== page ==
The Federated States of Micronesia (FSM) is a lower middle income island nation of 104,000 people on 607 islands with a total land area of 271 square miles and an exclusive economic zone (EEZ) of over one million square miles (2.6 million square km) in a remote area of the Western Pacific Ocean. The nation is composed of formerly unrelated cultures and languages organized into four states under a weak national government. The FSM is part of the former U.S.-administered Trust Territory of the Pacific Islands that gained independence in 1986 and continues to use the U.S. dollar as its currency. Since independence, it has operated under a Compact of Free Association (Compact) with the U.S., receiving more than USD $100 million per year in development funding administered mainly by the U.S. Department of the Interior (DOI). The World Bank estimates Gross Domestic Income (GDI 2015) to be $3,438 per person, showing no growth over the previous 10 years.
The FSM currently has no major exports or domestic industry. Its primary sources of income are the sale of fishing rights (approximately USD $65.2 million in 2015) and taxes on offshore corporate registrations for captive insurance (USD $4 million in 2015). It is largely a subsistence economy, except in larger towns where the economy is centered on government employment and a small commercial sector. The cash economy is primarily fueled by government salaries paid by Compact funds (66 percent of employed adults work in the public sector) and, to a much lesser degree, by family remittances. Compact funding will change in 2023 from the current grants to proceeds from a trust fund developed over 20 years, which is currently estimated to lower government revenues from the United States by 20-30 percent.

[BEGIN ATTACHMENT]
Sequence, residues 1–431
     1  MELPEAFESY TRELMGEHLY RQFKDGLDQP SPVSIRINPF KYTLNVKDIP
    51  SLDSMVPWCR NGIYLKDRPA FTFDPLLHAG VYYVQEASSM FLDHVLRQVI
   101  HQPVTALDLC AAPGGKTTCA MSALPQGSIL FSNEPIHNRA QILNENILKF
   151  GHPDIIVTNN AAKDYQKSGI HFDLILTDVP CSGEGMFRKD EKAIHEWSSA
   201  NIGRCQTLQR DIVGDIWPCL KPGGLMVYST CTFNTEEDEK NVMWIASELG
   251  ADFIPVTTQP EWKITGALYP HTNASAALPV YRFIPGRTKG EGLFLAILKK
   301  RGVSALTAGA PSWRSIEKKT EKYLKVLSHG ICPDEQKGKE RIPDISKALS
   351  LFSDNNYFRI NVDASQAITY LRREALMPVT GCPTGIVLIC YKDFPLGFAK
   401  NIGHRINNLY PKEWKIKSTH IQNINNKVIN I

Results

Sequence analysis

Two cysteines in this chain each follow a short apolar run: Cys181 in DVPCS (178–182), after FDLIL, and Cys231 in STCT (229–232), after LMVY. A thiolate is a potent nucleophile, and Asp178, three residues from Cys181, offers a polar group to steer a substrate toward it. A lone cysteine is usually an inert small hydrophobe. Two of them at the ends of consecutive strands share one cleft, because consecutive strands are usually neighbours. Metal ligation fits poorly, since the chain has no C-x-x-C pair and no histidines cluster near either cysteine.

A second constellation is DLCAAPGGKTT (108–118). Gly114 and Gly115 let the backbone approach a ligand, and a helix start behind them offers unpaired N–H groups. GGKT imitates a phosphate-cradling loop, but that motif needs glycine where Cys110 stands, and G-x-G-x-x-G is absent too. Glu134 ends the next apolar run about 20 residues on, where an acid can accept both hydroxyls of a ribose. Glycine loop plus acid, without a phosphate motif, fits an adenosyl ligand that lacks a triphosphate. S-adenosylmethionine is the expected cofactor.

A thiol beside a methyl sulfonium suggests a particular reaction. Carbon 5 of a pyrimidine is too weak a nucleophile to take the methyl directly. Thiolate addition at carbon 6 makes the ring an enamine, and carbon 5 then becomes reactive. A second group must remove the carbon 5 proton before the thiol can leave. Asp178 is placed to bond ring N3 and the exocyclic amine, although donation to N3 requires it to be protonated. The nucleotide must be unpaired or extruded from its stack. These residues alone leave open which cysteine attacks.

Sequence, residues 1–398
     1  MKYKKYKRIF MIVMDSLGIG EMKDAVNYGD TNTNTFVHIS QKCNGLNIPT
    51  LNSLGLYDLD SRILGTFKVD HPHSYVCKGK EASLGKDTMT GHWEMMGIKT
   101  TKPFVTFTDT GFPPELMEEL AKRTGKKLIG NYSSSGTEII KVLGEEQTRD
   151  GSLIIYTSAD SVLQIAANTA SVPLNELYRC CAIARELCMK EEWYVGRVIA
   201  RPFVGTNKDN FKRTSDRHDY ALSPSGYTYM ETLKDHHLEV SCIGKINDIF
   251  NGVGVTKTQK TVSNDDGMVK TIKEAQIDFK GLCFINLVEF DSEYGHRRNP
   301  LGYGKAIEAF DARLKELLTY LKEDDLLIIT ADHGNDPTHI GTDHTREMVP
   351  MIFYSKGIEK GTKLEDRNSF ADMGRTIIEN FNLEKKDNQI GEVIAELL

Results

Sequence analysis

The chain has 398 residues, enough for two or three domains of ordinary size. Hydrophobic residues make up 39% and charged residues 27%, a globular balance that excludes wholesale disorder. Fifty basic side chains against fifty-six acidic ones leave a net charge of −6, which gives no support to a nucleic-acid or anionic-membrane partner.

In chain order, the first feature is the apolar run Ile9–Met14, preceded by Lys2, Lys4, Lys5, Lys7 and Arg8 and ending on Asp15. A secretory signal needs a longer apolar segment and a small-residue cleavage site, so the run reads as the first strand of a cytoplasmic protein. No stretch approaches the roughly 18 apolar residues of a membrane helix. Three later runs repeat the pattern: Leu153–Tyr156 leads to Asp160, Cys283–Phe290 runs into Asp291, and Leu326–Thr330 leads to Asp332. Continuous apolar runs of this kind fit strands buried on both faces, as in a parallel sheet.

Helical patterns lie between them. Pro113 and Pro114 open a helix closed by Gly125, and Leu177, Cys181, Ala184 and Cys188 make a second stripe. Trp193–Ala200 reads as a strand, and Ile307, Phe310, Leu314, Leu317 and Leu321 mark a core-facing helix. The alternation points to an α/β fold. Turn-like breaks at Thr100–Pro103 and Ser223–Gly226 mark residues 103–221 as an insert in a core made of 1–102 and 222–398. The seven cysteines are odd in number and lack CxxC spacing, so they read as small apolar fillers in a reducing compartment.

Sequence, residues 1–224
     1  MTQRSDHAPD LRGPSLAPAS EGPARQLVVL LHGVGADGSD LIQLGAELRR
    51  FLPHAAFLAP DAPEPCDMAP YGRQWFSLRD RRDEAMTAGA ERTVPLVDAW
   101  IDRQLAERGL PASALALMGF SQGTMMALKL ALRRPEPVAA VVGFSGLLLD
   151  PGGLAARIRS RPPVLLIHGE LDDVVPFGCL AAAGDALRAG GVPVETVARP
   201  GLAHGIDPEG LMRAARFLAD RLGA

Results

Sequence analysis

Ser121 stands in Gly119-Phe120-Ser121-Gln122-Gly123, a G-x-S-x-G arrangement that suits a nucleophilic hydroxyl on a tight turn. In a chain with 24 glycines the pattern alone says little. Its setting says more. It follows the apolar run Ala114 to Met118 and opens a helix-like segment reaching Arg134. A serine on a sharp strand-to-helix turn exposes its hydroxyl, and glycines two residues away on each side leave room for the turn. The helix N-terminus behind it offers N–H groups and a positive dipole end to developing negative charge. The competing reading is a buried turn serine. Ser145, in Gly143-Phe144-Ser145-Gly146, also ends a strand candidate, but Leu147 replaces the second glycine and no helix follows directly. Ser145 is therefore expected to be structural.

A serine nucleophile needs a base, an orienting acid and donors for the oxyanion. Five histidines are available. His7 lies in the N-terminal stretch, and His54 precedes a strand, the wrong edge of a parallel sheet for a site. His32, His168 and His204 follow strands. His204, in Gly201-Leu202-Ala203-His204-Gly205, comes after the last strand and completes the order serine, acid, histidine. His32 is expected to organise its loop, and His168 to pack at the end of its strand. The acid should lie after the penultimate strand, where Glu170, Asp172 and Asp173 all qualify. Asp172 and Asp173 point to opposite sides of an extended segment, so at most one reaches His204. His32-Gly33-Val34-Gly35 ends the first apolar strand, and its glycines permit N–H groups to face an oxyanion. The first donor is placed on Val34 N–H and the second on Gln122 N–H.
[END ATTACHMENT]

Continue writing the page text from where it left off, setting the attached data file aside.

The FSM GDP for 2015 was USD $315 million, a 0.09 percent decrease from 2014 at constant prices. The economy recorded a trade deficit of USD $142 million in goods and services for the same year. The FSM government currently has low debt, but the lack of development of revenue to supplement Compact funding, the lowest tax-to-GDP ratio in the Pacific, and looming Compact funding reductions in 2023, mean that international development banks classify the country as a grant-only client, concerned with the country’s ability to repay loans.
Foreign investment is almost nonexistent due to prohibitions on foreign ownership of land and businesses, difficulties in registering business (the process requires approvals from the four state governments and at the national level), poor enforcement of contracts, poor protection of minority (foreign) investors, weak courts, and weak settlement of insolvency. Domestic capital formation is very low because the commercial banks are classified as foreign entities and are not allowed to provide mortgages or business financing. The cost of doing business in FSM is high due to the region’s remoteness and dependence on imported materials and services.
Most political power of the nation is delegated to the four states by the constitution, including regulation of foreign investment and restrictions on leases. This means that investors may have to navigate between five different sets of regulations and licenses. U.S. citizens are able to live and work in the FSM indefinitely without visas. National legislators (senators) are directly elected, and the president and vice-president are selected by the senators from among the four at-large senators. There are no political parties. At the state level, all offices are directly elected by the people.